[toc]Chris Christie vetoed an effort spearheaded by New Jersey Senate President Stephen Sweeney that the soon-to-be outgoing governor said “represents the legislature at its worst.”
The bill, passed by both chambers of the legislature, would impose a five-year casino license suspension on anyone shuttering a casino after January 2016.
Measure aimed at preventing NJ casinos from circumventing unions
Sweeney said the bill was designed to prevent casinos from strong-arming labor unions.
He claimed to see the potential of a license holder closing a casino, sitting on the license for a period of time, and reopening with a more favorable labor contract.
Based on the January 2016 bright line, the bill was clearly aimed at Carl Icahn and his Trump Taj Mahal. Five casinos have closed in Atlantic City since 2014, but the bill would only apply to Icahn and the Taj Mahal.
In his veto letter to the legislature, Gov. Christie sided with Icahn.
“It is a transparent attempt to punish the owner of the Taj Mahal casino for making the business decision to close its doors after its union employees went on strike and refused to negotiate in good faith,” Christie wrote.
The governor went on to say:
“This bill sends a chilling signal to businesses in New Jersey, and those thinking of relocating here, that they must ‘play ball’ with the unions or face retaliation by the Legislature.
Such a result is contrary to this administration’s efforts to further economic growth and development in the state and is therefore unacceptable.”
Is an override in the cards?
Christie’s veto could be overridden by the legislature (the bill passed the Senate by a vote of 29-6 with five no votes and the Assembly by a vote of 60-17), but this is something the legislature has been loath to do during Christie’s time in office.
During his tenure as governor, the legislature hasn’t overridden a single Christie veto, despite the governor vetoing several bills that passed with super-majorities.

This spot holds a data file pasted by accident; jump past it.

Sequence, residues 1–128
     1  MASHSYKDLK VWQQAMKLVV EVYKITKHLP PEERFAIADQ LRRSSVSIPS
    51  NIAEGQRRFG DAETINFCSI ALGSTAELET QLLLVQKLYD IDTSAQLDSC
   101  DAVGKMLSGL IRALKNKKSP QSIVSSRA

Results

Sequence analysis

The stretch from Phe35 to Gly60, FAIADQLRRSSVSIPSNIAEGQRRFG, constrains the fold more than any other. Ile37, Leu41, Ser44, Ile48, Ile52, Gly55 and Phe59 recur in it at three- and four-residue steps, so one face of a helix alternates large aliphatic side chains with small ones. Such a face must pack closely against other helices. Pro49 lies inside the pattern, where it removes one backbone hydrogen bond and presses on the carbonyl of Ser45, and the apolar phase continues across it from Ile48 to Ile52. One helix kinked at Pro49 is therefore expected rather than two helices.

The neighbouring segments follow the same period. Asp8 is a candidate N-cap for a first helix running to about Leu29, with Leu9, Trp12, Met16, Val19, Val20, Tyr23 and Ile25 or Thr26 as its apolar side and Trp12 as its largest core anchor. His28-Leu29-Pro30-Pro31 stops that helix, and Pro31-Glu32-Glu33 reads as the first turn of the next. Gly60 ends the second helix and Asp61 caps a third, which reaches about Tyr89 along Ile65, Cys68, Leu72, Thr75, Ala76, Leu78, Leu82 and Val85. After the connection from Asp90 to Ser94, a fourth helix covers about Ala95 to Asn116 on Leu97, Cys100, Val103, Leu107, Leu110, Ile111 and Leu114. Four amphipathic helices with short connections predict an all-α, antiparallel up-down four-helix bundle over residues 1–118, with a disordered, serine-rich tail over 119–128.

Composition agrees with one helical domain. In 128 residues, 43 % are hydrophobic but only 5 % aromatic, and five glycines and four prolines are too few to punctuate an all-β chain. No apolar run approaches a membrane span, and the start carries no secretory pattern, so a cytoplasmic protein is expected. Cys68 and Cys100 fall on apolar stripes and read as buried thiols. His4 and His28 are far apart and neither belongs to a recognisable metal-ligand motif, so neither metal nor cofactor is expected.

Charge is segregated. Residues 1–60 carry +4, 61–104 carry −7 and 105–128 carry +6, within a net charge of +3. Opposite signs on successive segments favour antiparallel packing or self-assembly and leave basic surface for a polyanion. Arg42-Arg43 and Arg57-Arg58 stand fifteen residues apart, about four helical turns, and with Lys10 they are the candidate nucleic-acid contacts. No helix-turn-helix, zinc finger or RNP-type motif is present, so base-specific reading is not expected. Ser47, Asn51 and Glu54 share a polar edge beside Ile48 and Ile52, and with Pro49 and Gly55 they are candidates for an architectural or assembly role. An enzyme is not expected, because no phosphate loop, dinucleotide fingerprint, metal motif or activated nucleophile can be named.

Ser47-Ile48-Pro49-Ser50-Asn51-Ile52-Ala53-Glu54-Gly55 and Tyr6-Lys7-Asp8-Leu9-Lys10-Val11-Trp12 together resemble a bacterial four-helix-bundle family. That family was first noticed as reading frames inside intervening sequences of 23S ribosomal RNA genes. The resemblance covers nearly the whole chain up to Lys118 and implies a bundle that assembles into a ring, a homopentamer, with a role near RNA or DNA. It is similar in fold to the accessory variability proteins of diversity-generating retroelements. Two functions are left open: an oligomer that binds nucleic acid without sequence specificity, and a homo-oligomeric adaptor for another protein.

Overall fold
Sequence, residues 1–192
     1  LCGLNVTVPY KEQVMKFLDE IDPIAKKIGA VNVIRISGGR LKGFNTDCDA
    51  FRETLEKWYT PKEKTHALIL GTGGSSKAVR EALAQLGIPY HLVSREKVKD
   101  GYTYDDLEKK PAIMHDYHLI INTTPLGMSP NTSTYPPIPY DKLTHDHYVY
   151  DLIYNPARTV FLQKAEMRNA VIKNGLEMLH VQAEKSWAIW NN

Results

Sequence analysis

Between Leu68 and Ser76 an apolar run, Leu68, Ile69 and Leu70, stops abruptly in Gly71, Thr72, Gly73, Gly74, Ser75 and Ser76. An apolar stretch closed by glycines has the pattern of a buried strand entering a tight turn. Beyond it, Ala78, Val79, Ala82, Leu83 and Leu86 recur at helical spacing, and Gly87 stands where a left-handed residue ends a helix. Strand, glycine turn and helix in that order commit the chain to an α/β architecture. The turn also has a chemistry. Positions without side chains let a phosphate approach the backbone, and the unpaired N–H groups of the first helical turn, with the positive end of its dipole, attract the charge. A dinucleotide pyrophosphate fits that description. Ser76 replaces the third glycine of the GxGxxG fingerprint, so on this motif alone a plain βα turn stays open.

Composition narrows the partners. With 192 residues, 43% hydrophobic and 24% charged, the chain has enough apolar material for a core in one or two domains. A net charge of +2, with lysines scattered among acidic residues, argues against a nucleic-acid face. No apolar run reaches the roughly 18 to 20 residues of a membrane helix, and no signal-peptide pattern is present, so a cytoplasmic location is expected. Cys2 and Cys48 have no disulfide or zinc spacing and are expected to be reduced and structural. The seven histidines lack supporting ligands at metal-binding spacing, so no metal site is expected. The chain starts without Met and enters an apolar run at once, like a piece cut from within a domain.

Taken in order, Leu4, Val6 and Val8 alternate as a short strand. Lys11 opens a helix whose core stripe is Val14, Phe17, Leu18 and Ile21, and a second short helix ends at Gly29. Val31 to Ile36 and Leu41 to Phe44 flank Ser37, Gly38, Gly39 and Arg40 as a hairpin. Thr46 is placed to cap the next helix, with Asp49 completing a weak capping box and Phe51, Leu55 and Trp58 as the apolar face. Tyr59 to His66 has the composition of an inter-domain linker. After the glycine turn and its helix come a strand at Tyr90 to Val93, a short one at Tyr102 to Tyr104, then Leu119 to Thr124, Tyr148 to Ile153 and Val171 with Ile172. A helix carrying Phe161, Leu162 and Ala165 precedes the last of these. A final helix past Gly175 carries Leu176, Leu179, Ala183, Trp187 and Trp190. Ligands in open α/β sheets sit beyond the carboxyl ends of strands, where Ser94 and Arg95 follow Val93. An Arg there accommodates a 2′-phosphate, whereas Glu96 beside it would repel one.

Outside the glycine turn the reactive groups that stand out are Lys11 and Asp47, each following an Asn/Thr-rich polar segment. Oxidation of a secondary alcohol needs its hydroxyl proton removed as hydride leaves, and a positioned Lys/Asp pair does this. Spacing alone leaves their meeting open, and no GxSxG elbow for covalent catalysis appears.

Things are a bit different now that Christie is essentially a lame-duck governor and has historically low approval ratings, but there doesn’t seem to be much confidence in an override vote.
Future of the Taj
Despite the veto, Icahn has apparently decided to cut his losses and sell the Taj Mahal, rather than reinvest money into the property and the city of Atlantic City; even if it means selling it for a loss.
Based on his comments, it almost sounds as if Icahn, who also owns the Tropicana, will rid himself of the Taj Mahal out of spite for Sweeney.
Said Icahn in a statement obtained by the Press of Atlantic City:
“After his irresponsible actions, we determined that we would not invest the $100 million to $200 million of capital we believed the Taj Mahal needed and that we would instead sell the Taj Mahal at a loss (if possible).
I believe other large investors will similarly have no interest in investing significant amounts in Atlantic City or New Jersey as long as Sweeney is in control of the Senate.”
Sweeney-bashing has become a favorite pastime of Icahn.
“When a guy like Sweeney goes after someone who saved the Tropicana and 3,000 jobs when no one else would, who would invest in New Jersey?” he said earlier this year. “The worst thing about New Jersey is they have Sweeney as head of the Senate. The best thing about New Jersey is they didn’t make him governor.”
Image credit: L.E.MORMILE / Shutterstock, Inc.